The beginning of the treatise quotes findings from a survey attributed to DoubleTree by Hilton, and I wondered, What is a hotel chain doing exploring kindness? But there is money to be made in delivering a nice plump bed, a kindness that earns customers' loyalty. A good hotel or restaurant (not necessarily a luxury one) cossets you; hospitality is really institutionalized kindness.

There's more to say, but what about you, friend? Is kindness important to you? How do you top up your capacity?


18 comments

Janice Riggs said...

Living in a large city in the US, at this time in history, I think that kindness might be the sole thing that keeps civilization together. We're facing unprecedented (unpresidented?) challenges, and the small generosities, considerations, and acts of love will make all of the difference in determining if we have a culture worth saving, or one that well deserves to be gutted and started over.

So thank you, as always, dearest Duchesse, for sharing your thoughts, your intelligence, your insights, and your sincere personal generosity and kindness with strangers and "digital" friends. I respect you and love you for it.

Janice

Lizer Pearl said...

Yes, kindness is important to me When on the receiving end I am grateful and
always mindful to "pay it forward". What goes around, comes around.

Lizer Pearl

LauraH said...

Small everyday acts of kindness keep the wheels turning more smoothly, especially in a big city where we are so apt to rub up against each other. Some of these small acts are perhaps more along the lines of good manners, whereas acts of real kindness seem to call for more effort. My kindnesses (is that a word?) - sharing information of mutual interest with friends or passing along information that might help them with a concern we've discussed. I also try to listen, not always successfully.

I think I am kinder than I used to be, not as judgmental. Age has taught me some things, thank goodness. I also think I'm kinder to myself, more forgiving. Topping up my capacity? I find certain patterns of behaviour wear me down and I've learned to recognize them and avoid those people. It's easier to be kind when someone isn't exasperating you for the umpteenth time:-)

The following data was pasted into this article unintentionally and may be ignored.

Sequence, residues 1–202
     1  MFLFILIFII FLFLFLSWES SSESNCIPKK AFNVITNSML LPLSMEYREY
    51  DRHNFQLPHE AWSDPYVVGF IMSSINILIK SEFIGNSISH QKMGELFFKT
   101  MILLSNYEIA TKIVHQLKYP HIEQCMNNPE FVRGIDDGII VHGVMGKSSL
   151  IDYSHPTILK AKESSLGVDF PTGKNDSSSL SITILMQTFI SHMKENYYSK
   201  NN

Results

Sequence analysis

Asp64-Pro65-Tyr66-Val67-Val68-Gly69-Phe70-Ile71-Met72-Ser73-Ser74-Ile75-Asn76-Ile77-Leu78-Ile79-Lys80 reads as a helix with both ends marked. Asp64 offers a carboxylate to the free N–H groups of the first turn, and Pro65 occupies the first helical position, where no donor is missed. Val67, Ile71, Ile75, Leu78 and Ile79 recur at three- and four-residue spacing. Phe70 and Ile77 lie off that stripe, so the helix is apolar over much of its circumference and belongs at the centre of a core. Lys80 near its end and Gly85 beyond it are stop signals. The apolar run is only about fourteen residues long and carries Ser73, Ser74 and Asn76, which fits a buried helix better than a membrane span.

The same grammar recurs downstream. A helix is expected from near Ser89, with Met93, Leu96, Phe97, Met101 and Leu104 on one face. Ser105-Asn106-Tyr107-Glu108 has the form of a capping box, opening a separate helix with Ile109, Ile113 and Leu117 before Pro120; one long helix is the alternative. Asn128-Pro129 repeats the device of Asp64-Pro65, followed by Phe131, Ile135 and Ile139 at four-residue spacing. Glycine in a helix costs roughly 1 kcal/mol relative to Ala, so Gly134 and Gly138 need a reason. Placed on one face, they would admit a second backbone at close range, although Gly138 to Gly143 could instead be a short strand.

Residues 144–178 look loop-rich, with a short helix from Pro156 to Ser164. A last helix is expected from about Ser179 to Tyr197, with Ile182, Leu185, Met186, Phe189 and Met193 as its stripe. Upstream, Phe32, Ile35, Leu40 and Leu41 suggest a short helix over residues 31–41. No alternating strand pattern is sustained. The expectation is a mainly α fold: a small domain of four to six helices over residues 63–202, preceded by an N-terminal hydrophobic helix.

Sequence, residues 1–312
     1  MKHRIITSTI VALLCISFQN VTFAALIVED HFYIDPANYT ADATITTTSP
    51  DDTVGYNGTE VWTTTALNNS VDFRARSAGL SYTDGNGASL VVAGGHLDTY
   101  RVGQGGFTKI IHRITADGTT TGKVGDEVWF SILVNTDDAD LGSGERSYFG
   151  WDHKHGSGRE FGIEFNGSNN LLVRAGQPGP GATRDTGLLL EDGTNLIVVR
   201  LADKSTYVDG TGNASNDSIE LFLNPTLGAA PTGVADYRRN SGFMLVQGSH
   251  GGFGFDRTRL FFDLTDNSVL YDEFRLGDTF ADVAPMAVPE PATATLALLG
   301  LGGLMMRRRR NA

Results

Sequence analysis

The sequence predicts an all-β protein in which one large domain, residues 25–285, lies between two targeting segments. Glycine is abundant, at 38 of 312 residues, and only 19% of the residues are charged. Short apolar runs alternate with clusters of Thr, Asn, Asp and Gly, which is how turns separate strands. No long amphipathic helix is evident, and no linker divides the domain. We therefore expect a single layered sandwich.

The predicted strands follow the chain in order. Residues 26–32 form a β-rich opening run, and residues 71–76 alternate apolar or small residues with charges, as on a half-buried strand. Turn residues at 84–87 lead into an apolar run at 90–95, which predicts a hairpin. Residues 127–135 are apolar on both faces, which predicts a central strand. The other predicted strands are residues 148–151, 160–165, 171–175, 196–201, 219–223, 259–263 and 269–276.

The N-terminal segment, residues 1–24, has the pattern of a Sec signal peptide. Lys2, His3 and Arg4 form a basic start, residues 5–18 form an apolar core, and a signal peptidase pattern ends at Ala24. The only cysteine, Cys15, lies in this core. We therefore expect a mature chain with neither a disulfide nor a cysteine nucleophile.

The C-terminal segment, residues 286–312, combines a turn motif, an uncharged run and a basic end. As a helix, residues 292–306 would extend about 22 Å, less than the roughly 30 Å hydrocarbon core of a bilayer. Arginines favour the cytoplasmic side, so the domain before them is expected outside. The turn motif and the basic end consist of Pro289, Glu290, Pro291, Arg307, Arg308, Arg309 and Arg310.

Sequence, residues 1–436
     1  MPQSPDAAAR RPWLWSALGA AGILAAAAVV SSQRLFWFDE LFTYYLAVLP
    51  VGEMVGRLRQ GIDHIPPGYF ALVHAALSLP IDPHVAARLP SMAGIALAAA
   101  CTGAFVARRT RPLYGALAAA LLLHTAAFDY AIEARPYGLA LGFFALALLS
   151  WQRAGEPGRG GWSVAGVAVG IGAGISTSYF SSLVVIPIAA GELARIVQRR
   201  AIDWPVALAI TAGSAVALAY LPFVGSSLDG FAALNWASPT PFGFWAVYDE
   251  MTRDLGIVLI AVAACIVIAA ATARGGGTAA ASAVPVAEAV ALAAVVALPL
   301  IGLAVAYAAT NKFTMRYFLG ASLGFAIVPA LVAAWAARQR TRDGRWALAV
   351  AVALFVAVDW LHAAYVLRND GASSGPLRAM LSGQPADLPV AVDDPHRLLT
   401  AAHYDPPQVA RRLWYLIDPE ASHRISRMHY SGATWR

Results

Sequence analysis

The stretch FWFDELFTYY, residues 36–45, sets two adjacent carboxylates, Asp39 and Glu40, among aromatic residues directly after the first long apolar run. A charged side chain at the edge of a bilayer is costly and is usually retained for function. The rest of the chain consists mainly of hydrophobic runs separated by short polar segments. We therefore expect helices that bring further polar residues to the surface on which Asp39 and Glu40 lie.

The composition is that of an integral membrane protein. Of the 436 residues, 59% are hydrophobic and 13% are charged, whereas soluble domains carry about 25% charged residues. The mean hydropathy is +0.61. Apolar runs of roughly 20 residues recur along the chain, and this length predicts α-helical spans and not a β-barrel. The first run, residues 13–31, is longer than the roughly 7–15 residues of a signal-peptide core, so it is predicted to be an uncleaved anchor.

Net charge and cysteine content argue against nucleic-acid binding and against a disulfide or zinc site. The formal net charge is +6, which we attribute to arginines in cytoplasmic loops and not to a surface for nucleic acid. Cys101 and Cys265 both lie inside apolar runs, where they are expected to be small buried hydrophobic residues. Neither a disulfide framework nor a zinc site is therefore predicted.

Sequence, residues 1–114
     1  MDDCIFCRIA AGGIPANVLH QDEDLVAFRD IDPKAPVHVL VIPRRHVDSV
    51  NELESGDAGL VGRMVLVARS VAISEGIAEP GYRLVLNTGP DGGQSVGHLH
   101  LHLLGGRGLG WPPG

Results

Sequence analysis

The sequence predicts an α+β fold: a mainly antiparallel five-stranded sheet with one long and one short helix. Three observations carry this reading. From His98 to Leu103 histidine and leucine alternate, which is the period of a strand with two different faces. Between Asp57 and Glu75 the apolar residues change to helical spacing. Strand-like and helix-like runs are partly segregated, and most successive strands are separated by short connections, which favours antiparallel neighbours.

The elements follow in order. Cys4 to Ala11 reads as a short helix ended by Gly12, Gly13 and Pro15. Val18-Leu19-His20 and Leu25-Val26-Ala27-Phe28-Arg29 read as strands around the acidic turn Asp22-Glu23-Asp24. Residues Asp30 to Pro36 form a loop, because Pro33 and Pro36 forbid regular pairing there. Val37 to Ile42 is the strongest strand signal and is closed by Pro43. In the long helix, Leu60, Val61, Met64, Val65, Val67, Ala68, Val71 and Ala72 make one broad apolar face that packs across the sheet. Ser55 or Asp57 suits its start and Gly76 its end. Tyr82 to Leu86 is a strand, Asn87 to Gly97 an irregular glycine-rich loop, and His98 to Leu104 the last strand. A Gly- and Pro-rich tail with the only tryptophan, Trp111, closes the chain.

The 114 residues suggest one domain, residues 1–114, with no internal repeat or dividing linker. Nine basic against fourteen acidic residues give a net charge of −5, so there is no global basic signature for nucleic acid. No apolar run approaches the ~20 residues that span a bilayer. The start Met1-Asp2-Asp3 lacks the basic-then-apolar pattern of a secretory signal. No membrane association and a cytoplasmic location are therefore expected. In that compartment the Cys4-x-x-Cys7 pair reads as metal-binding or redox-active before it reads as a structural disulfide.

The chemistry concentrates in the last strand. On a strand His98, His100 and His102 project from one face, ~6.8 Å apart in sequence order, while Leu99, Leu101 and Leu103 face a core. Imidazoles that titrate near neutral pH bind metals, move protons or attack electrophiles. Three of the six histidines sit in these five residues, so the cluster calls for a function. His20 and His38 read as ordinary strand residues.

As always you've provided much food for thought in the days to come.

Madame Là-bas said...

I agree with Janice that kindness must be the cornerstone of civilization. After having worked in the school system, I consider that kindness and empathy are the most important lessons that we can teach children. To be successful academically or financially without consideration of others who may not be as fortunate is a recipe for disaster.

Globally, we must continue to support those countries who require help with healthcare and education. This aid is also in the interest of our own safety and security. Personally, I find that communities of faith remind me to try to be kind on a daily basis and also allow me to acknowledge and accept that it is far more challenging to be kind and tolerant to those who are close to me.

Thank you for presenting such a thoughtful post.

John said...

I work in a college setting and I find that kind professionalism goes a long way to avoiding irritations. Kindness means that I try to be nice and polite, to put aside small things that don't help the situation and that therefore can become unnecessarily hurtful. Professionalism means that everyone is clear about my role here at work and my limits. This approach has served me very well through decades of work in law and education. On the few occasions I have had to double-down on professionalism at the expense of kindness, it has been either with students' parents or people higher up the ladder. Asking someone to put something in writing does focus minds and avoids future misunderstandings. It can also promote a discussion that would be too difficult face to face. Also, saying no is often the adult thing to do.